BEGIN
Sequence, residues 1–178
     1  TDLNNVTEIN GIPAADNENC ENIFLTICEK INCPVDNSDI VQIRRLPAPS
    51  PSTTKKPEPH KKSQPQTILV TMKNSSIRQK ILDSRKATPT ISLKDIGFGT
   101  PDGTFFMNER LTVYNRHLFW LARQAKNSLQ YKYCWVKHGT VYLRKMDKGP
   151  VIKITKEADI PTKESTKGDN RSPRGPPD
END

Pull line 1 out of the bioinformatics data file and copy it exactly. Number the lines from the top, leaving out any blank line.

Sequence, residues 1–178